where we said we both came away from an interview with Art Sheridan with the impression that he was
a secret investor in Vee Jay. I was looking at my Sheridan transcript that for the most part dealt with
Chance, when I chanced upon these interview segments...
1. On talking about the Beatles on Vee Jay.
Pruter: They wanted a Frank Ifield record...
Sheridan: We were in Europe for a convention with J. Arthur Rank. Frank Ifield was the one we really
wanted to have. And we could have Frank, if we took the Beatles, which we did. Very young exciting
group I remember.
Lots of "we"s there.
Pruter: Basically in the late 1950s your only connection with the entertainment business was in running
Sheridan: You have to remember the same group who ran the nightclubs were basically the Vee Jay
people. We were really very much intertwined all those years. It was just not very politic for a period of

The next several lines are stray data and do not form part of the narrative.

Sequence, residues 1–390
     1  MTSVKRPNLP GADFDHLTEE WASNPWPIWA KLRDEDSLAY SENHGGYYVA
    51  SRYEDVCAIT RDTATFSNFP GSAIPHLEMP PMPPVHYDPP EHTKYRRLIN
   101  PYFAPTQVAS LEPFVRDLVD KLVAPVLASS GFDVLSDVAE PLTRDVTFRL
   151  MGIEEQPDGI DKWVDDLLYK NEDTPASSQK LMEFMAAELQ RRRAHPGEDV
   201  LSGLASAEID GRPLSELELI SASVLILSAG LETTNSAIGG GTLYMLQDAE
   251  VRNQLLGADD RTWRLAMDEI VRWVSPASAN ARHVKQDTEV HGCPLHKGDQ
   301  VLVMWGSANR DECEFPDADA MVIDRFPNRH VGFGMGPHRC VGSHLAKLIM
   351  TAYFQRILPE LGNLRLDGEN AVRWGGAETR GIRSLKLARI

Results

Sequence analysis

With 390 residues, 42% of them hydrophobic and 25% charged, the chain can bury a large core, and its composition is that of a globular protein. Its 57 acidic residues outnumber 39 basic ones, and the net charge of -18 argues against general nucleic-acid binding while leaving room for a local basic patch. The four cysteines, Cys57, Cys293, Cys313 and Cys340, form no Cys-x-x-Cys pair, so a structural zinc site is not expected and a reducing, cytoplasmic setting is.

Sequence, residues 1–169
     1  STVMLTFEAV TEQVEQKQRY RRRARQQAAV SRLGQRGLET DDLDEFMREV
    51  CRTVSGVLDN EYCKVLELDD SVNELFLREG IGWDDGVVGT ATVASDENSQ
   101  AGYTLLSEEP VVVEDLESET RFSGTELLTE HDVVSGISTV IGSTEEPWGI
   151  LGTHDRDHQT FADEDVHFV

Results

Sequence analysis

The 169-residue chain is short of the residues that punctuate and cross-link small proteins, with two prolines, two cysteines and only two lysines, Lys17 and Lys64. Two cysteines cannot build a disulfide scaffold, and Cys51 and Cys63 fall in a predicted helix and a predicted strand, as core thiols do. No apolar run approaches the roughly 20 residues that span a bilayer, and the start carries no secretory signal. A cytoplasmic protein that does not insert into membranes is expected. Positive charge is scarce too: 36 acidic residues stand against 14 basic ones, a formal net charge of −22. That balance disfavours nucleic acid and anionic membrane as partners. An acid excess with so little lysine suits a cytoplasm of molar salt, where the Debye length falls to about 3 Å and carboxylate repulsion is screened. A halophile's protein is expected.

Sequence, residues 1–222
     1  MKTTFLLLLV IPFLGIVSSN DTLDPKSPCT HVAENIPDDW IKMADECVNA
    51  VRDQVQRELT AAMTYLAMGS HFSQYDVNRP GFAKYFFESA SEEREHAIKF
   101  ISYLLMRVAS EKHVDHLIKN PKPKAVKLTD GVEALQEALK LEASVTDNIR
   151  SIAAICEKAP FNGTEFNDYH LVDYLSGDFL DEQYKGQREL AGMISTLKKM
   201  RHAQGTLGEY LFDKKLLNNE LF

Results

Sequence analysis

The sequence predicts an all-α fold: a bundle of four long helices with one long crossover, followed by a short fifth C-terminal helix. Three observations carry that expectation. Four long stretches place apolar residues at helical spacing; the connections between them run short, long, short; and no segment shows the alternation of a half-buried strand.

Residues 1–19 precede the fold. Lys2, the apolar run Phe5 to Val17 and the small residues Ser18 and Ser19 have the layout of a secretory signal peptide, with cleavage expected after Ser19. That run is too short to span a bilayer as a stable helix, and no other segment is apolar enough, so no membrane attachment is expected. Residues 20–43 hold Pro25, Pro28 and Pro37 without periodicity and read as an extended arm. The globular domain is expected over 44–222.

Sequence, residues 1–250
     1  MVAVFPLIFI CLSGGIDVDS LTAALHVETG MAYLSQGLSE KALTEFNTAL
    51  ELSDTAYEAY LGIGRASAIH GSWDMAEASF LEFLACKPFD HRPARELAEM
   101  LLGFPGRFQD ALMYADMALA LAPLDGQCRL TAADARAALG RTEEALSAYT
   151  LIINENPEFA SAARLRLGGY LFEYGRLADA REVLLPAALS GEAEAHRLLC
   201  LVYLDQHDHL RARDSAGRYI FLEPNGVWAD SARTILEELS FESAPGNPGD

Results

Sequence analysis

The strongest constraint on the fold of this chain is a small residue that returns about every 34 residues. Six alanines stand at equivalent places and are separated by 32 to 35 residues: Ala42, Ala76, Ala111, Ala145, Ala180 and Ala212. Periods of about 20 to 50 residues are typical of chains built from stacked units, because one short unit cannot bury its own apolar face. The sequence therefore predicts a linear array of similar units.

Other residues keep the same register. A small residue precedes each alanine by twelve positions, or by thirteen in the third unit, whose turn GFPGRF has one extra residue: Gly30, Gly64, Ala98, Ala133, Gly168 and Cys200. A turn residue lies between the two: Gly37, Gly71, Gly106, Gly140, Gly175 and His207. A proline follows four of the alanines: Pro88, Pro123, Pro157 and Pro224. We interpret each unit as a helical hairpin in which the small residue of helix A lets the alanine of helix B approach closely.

time to have too many white owners.
Pruter: Actually Vee-Jay almost stood alone at the time as a black owned company.
Sheridan: You have to remember that Abner was a very avant-garde kind of guy, a very principled
person. Philosophically, he was very avant-garde and J:immy and Vivian were very pro-black. We had to
go that way.
"We had to go that way"?
Sheridan: [Ewart] Abner promoted anybody who wanted to do something that was black. For example,
Gardner, the advertising lady. I don't remember her first name.
Pruter: Barbara Gardner
Sheridan: Barbara Gardner. Barbara used to be our secretary.
Pruter: [Clearly puzzled] Where? At Vee Jay?
Sheridan: Right. Abner helped her get started on a world trip so she got exposure. She had a chance to
see what the world was all about.